Monitoring and the
these times of heightened awareness about terrorism it seems appropriate to
begin our specific coverage of monitoring laws in America with New York.
Certainly the events of September 11th have increased the amount of public
safety radio traffic there and, with that, an accompanying interest to monitor
New York’s regulation of police scanners is
found primarily in section 397 of the New York State Vehicle and Traffic Laws.
In two hundred and four words it prohibits the equipping of a motor vehicle with
a radio that can receive radio signals used by the police. It also prohibits you
from using a motor vehicle that is so equipped. Interfering with police radio
transmissions is also prohibited.
Since it was enacted, several cases have
interpreted what the New York lawmakers intended. In 1978, in a case titled
People v. McGee, the law was found to be constitutional and not preempting
federal law by Congress. The preemption issue does not seem to have been
revisited by other cases since then nor since the passage of PR 91-36 (FCC
93-410) as it relates to licensed amateur radio operators, a group often
excluded from such radio laws.
For the past ten years, PR 91-36 has held that
“… state and local laws that preclude
the possession in vehicles or elsewhere of amateur radio service transceivers by
amateur operators merely on the basis that the transceivers are capable of the
reception of public safety, special emergency, or other radio service
frequencies, the reception of which is not prohibited by federal law, are
inconsistent with the federal objectives of facilitating and promoting the
amateur radio service and, more fundamentally, with the federal interest in
amateur operator's being able to transmit and receive on authorized amateur
service frequencies. We therefore hold that such state and local laws are
preempted by federal law.”
The McGee case also explains that the
government interest in such a law is in preventing criminals from monitoring
police broadcasts in their automobiles, before, during and after the commission
of a crime. Such a law is therefore a reasonable restriction on liberty.
However, the restriction applies even if the radio is not turned on, which could
mean that merely having such a radio anywhere in a vehicle violates the law.
Four years before McGee, in the case of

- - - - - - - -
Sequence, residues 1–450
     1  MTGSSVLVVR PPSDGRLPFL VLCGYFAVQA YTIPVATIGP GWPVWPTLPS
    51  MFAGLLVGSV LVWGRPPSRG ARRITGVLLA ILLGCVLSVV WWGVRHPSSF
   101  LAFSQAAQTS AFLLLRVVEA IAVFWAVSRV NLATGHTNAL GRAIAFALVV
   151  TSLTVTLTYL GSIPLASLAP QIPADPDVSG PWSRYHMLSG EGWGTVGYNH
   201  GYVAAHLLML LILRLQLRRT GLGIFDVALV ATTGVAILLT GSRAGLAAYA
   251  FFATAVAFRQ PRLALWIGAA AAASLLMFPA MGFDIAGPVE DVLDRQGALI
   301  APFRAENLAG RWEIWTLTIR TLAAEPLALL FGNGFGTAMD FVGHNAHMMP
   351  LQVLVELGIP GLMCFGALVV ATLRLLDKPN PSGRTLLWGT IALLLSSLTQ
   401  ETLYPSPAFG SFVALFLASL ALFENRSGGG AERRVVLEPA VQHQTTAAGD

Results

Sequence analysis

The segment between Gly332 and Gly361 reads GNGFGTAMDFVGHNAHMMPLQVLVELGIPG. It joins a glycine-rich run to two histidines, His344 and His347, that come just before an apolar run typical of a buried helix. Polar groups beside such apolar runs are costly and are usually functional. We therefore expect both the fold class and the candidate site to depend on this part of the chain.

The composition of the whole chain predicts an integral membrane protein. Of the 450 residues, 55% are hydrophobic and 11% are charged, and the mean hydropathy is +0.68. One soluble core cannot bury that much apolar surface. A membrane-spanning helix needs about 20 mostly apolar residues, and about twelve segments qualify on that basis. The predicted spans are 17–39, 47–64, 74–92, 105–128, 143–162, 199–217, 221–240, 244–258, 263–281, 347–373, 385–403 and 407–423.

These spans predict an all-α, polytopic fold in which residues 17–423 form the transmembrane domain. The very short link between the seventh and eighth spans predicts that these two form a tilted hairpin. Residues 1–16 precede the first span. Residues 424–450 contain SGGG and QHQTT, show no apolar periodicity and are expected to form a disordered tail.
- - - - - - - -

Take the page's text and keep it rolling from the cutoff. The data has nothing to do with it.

People v. Verdino, section 397 was applied to prohibit a radio that was
unplugged and thus not working. The court decided it was still "capable" of
receiving signals and was illegal.
Secondary, Criminal and Regional Law
Besides primary sources of law, such as
statutory law made by lawmakers and case law made by judges, there are many
secondary sources of law. One such secondary source is the published opinion of
a state’s attorney general. Attorney General Opinions are issued in response to
requests by state agency officials and local government attorneys to help answer
unsettled questions of law. In 1975 and 1976, New York’s then Attorney General
Dennis C. Vacco issued two important opinions related to police scanners.
The first of these, Op.Atty.Gen 311 (1975),
concluded that permits for police scanners could be issued by a designated
person in counties with a county police department which are established by a
county charter. The other Opinion of Attorney General Vacco’s office,
Op.Atty.Gen 255 (1976) addressed confiscated police scanners from those who
violated the New York law. The Opinion stated that since the radio was not
contraband (something inherently illegal) it must be returned to the individual
even if that person is convicted of breaking the law.
In addition to section 397’s prohibitions, New
York’s criminal law has a statute that also covers the illegal use of police
scanners. Section 40 of Article 140 of the consolidated laws of New York
prohibits possession of a police scanner while committing a criminal offense.
The City of Rochester, New York, has its own
city ordinance banning the use of police and fire scanners, too. Rochester
defines such radios broadly as "a radio receiver set of such size as to be
easily and conveniently carried by hand or in a vehicle from one (1) location to
another, regardless of the type of power supply, and which can be quickly used